Movie review: '2012' is a perfect disaster

Roland Emmerich directs this look at a global disaster and the people who manage to survive.
By Dan Kois
Washington Post Staff Writer
Friday, November 13, 2009

If a film critic awards four stars to a movie directed by Roland Emmerich -- Hollywood's reigning king of catastrophe, the critically scorned director of "Independence Day" and "Godzilla" -- will the world come to an end? That's a question the ancient Mayans never asked, but it's the one facing me after the enormously satisfying, astonishingly accomplished, reprehensible-yet-irresistible "2012," the crowning achievement in Emmerich's long, profitable career as a destroyer of worlds.

Starting with the long-held misapprehension that the Mayan calendar picks 2012 as the date of humanity's doom, Emmerich fleshes out that bit of pseudo-history with some pseudo-science -- some nonsense about solar flares, and neutrinos heating the Earth's core -- and throws hundreds of millions of dollars and an expertly chosen cast at it. The result is a movie that takes the manifold guilty pleasures of such past Emmerich extravaganzas as "Independence Day" and "The Day After Tomorrow" -- not to mention the Emmerich-inspired "Armageddon" and "Deep Impact" -- and amplifies and expands them until they fill up 2 1/2 overstuffed hours.

"2012" takes the disaster movie -- once content simply to threaten the Earth with a comet, or blow up the White House -- to its natural conclusion, the literal end of the world.

And boy, for aficionados of cinematic catastrophe, "2012" does it right. As a spectacle-delivery device, it has no peer. Other movies have explosions; "2012" has an atom-bomb-size detonation that wipes Yellowstone off the map. Other movies have earthquakes; "2012" sends California sinking, in flames, into the sea. Other movies kill thousands; "2012" kills zillions without breaking a sweat.

If all this makes you feel sort of queasy -- if you can't imagine why anyone would want to watch entire continents destroyed -- "2012" is not the movie for you. For "2012," needless to say, lacks all reasonable perspective. It's the kind of movie that expects that audiences, shortly after watching the entire population of India subsumed by a tidal wave, will urge on a fluffy white dog as she crosses a chasm and leaps into her owner's arms. It's the kind of movie that has a father conduct a heart-to-heart with his son shortly before belly-landing a jumbo jet on a glacier. It preys on an audience's willingness to cheer for heroes even as we consign faceless masses to the narrative dustbin. It recognizes the thrill of the vicarious experience and the appeal of the clean slate. Behind on your mortgage? Overdue library books? Don't sweat it.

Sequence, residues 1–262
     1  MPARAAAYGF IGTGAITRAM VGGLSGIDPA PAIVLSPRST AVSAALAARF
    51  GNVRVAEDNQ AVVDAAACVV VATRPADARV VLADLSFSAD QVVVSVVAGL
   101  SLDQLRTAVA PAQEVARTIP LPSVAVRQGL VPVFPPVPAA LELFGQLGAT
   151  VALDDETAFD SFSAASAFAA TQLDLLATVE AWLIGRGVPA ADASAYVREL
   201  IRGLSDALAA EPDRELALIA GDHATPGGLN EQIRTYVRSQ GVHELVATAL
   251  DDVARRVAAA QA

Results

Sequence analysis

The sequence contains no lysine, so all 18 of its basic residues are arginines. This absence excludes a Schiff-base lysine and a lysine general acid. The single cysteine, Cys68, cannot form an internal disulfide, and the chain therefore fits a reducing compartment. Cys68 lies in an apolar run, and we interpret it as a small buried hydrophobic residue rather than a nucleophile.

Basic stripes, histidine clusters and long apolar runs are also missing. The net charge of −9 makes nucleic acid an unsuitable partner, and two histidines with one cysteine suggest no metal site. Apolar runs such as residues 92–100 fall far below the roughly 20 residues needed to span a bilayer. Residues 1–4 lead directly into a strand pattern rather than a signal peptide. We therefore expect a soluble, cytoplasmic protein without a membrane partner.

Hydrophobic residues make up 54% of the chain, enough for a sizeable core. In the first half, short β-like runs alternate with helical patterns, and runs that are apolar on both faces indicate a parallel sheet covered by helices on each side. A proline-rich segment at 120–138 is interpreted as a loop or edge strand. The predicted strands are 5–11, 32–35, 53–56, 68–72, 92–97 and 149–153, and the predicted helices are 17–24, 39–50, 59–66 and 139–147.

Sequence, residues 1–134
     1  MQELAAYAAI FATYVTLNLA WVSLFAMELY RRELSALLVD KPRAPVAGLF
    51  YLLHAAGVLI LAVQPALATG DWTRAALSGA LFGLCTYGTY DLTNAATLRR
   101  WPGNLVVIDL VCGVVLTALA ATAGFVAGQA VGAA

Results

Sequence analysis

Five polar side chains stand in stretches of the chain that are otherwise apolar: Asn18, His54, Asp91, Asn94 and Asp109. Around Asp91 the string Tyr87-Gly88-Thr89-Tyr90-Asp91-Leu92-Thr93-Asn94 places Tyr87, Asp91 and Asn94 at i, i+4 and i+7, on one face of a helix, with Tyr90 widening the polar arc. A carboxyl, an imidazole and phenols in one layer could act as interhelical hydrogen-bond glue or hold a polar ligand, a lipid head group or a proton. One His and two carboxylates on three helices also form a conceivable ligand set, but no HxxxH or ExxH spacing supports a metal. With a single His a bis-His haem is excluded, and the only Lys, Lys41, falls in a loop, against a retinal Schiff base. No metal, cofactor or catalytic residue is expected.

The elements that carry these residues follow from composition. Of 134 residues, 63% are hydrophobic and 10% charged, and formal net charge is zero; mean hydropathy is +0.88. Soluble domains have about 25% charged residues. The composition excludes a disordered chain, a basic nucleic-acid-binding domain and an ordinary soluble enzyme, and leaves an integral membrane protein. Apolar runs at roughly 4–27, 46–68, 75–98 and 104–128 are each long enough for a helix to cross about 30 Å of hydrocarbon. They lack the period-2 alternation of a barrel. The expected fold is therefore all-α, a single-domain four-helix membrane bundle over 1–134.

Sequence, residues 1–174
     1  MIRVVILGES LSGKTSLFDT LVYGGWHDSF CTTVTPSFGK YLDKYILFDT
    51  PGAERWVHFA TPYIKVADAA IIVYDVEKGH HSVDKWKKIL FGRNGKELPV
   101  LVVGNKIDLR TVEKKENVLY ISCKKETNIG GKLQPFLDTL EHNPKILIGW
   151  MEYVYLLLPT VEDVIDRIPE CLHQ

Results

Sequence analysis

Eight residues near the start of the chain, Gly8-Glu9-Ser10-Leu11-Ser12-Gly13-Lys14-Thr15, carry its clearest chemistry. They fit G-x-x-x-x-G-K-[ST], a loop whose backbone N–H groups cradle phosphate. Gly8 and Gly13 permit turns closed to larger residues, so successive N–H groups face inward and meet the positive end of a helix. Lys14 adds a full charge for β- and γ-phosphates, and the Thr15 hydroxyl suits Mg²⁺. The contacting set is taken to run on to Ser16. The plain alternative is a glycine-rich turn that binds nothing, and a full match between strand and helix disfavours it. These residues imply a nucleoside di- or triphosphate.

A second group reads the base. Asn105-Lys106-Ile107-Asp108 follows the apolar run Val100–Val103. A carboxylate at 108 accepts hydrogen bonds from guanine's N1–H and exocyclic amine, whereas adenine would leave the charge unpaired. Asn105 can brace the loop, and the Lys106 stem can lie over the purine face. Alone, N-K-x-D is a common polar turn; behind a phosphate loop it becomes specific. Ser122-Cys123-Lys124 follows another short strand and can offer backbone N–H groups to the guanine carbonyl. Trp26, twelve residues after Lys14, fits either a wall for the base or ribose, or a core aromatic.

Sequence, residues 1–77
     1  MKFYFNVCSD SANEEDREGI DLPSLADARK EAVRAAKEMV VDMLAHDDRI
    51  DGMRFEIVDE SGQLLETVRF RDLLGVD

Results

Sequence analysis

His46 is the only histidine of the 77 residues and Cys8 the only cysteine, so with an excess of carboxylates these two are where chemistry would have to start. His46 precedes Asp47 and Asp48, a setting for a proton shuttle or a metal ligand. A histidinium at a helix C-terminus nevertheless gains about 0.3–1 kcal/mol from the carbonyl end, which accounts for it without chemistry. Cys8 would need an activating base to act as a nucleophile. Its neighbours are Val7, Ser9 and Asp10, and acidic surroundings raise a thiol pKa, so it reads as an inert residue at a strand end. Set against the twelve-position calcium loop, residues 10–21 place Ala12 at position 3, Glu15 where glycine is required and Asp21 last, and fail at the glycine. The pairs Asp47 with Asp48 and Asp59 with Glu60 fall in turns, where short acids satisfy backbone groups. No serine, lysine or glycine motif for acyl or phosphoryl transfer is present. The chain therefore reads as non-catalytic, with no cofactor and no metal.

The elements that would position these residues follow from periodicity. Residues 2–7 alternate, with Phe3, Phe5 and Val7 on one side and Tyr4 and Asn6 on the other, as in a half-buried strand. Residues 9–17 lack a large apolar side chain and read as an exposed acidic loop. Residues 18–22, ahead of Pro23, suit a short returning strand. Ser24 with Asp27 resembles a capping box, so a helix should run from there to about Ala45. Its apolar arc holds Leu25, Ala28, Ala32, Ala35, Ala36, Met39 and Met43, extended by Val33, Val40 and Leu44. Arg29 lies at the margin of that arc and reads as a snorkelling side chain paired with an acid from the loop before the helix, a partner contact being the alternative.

So what makes "2012" a four-star movie? In an era in which Hollywood seems unable to execute even the most uncomplicated formulas, the ones that used to come easily, "2012" is, pardon the expression, a revelation. It gets everything right. The actors are right: John Cusack as a sardonic failed novelist, Amanda Peet as his wife, Tom McCarthy as her nice-guy new husband, Chiwetel Ejiofor as a conscience-stricken scientist, Oliver Platt as a snappish White House official, WoodyHarrelson as a radio-host crackpot. The storytelling is right: You will never be bored, for there will always be questions to answer. Who will survive? How will Cusack get his family to China, where salvation awaits the rich, the connected and the just plain lucky? What will Emmerich blow up next? And the dialogue is right: a rich blend of wisecrack and cheese, with a few moist-eyed goodbyes sprinkled here and there for good measure.

Most important, the special effects are so right. In fact, they are incredible. Emmerich is a virtuoso of panoramic cataclysm, and each of his dozens of wide shots is as densely packed with hellish detail as a Hieronymus Bosch painting. Power lines snapping in an earthquake, sparks flashing like distant fireworks; Honolulu on fire; mournful giraffes in slings, airlifted by helicopters through the snowy Himalayas.

Is "2012" art? Absolutely not. It reminds us that cinema exists not only to make art but also to expertly create sensation like no other medium. When done well, that can be just as valuable and just as astonishing. But is "2012" a sublime example of the kind of huge-budget entertainment that Hollywood does best -- indeed, the only kind of moviemaking at which Hollywood continues to excel? Yes. It is certainly the best movie of its kind ever made. It should (but surely will not) be the last movie of its kind ever made. After "2012," would-be Emmerichs will have a hard time impressing audiences with their asteroids and their space invaders. This is the way the world ends: with a bang.

Kois is a freelance reviewer.

**** PG-13. At area theaters. Contains intense disaster sequences and adult language. 158 minutes.

© 2009 The Washington Post Company